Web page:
When I was 10 years old, I wanted to run away from home. I don’t remember why I wanted to run away. I was a young, very young, and probably upset at something my Mom and Dad wouldn’t let me do or maybe it something they made me do. Like clean my room or something, because what 10-year-old wants to clean their room?
Anyway, I remember drawing up a map of my house and deciding I should leave in the middle of the night with a backpack. I could hitchhike and start a new life somewhere fresh, like Wyoming (I’ve always had a fantasy of living in a town of 200 people, working a roadstop diner. Strange dreams for a girl who lives in the largest city in the country).
But I also remember realizing that if I ran away from home, I probably wouldn’t be able to get a job, because I was a kid. And if I didn’t have a job, I wouldn’t have insurance. And without insurance, I would have my insulin or test strips.
And I would die.
I couldn’t afford to keep myself alive.
Seriously, what kind of kid considers insulin and test strips when devising a plan to run away?
But that’s what growing up was like. That’s what it has always been like. I remember when I first noticed on my Minimed insulin pump that when I had a LOW RESERVOIR alarm that it would actually count down the time until the reservoir would be empty, based on the amount of insulin you take per hour in your basal rate. I remember thinking it was a bit like a countdown to death, because without insulin, I would start to die.
Not that we’re not all dying. I mean, that’s a given. Everyday you are getting closer and closer to the day you die. But that’s just because we’re mortal and all things die. No one knows when that will happen, but we know it will. (Wow. I am morbid.) A couple of years ago, I asked my friend Christine how long a person could live without insulin. If I just suddenly decided to stop taking it and did absolutely nothing at all to help myself. She said about three days.
That’s a much more specific timeline.
This morning, on Twitter, there’s an article floating around from a man named Robert Steinback (at first, I thought it was Steinbeck and I wondered by the author of Grapes of Wrath who has been dead for 40 years was writing about diabetes in a Florida newspaper, but I digress). He has had diabetes just a bit longer than I have and like me, has been relatively healthy with diabetes – as healthy as one can be with a chronic condition such as this.
And he lost his job a year and a half ago. So now he’s on COBRA. Except COBRA is going to run out in February. And no one wants to give him a job so he can have insurance, and no insurance company wants to give him insurance because he’s expensive.
I mean, what the hell kind of society do we have set up where people are like NO ONE WE DON’T WANT TO KEEP YOU ALIVE BECAUSE WE LIKE OUR SUMMER HOMES IN THE HAMPTONS MORE THAN YOU!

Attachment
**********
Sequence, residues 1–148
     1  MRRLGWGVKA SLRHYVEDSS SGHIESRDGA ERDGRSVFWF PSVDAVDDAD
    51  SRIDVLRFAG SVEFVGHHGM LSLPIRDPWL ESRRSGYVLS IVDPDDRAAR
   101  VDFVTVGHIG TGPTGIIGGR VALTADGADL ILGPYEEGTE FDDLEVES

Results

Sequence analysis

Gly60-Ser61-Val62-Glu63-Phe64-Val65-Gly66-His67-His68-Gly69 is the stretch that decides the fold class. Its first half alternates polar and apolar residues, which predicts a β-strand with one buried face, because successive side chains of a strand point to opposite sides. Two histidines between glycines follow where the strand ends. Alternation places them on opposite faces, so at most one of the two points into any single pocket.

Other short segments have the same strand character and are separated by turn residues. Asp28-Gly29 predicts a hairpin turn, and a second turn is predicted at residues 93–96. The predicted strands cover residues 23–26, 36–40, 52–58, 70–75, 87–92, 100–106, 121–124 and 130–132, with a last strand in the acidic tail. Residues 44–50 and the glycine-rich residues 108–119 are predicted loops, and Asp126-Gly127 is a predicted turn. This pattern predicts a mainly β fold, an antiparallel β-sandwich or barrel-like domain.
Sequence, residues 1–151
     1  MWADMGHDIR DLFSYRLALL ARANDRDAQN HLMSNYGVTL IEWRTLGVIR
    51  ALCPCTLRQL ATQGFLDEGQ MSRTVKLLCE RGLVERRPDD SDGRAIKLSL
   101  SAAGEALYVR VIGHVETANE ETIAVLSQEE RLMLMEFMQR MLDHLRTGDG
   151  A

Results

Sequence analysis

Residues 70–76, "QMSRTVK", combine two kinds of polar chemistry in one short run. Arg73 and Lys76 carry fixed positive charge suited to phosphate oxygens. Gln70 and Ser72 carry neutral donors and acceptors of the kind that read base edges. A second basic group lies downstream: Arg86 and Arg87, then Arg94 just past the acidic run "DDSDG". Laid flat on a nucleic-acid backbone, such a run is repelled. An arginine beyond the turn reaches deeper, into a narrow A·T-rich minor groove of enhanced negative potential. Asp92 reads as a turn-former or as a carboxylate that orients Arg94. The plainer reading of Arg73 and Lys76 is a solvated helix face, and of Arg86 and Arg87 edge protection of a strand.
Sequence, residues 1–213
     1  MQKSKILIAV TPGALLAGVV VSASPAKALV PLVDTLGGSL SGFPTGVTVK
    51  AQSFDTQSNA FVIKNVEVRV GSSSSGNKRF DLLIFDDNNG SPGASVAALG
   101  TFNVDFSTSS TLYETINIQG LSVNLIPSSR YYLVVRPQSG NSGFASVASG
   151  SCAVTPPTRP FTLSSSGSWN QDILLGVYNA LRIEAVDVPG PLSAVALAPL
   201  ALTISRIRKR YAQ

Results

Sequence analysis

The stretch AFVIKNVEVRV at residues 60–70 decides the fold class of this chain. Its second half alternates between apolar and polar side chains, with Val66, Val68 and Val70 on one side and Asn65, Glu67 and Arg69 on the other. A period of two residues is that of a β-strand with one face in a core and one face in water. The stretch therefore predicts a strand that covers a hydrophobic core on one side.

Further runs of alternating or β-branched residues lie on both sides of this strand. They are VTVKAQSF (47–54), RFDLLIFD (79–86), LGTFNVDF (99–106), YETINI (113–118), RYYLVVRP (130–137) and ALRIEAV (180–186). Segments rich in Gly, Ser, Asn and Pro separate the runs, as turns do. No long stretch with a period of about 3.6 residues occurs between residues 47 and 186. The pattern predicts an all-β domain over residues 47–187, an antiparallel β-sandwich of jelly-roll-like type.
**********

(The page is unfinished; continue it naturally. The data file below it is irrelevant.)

Sometimes I think the people who came up with these policies are so evil that not even the Devil would want them.
We all know someone who is struggling in this economy. For me, it’s Lee Ann Thill, who is also almost up with her COBRA coverage. But for her, she is married and has the option, at least, to buy into very expensive insurance.
Robert doesn’t even have that option, because he isn’t married.
A long time ago, I remember watching a movie about a French man who married a woman to get a Green Card to stay in the United States and have a better life here. Now there are people talking about marrying so they can get an Insurance Card so they can simply have a life.
Living should not be something I need to ask someone for permission. A healthy life is a right, not a privilege.
When I was getting ready to graduate from college, a lot of my friends were discussing their options for post-grad work. Some people were going to grad school. Other people were packing up and heading to Europe for backpacking. It was the 22-year-old’s version of running away. One girl I know just quit her job 3 months ago to backpack around Europe. When my mother was 22 years old, she also graduated from college and spent a few months in Europe. I wanted to do this too. Financially, I would have been able to do it. But I couldn’t. I wouldn’t have had insurance anymore – because I would have been kicked off my parent’s policy for not being in school anymore – and I need insulin. Throughout high school and college, my mom always told me, “You need to get a good job. You need to get health insurance.”
Instead, I got a job. With health insurance. I managed to make things pretty fantastic for myself, living and working in one of the greatest cities in the world and generally being really happy with things. Because that’s what I do: make lemons out of lemonade. But I never forget that I gave up Europe for my diabetes, and that my existence is primarily reliant on my employer, my health insurance that I receive through being employed, and those tiny bottles of clear liquid that have taken up residence in my butter compartment.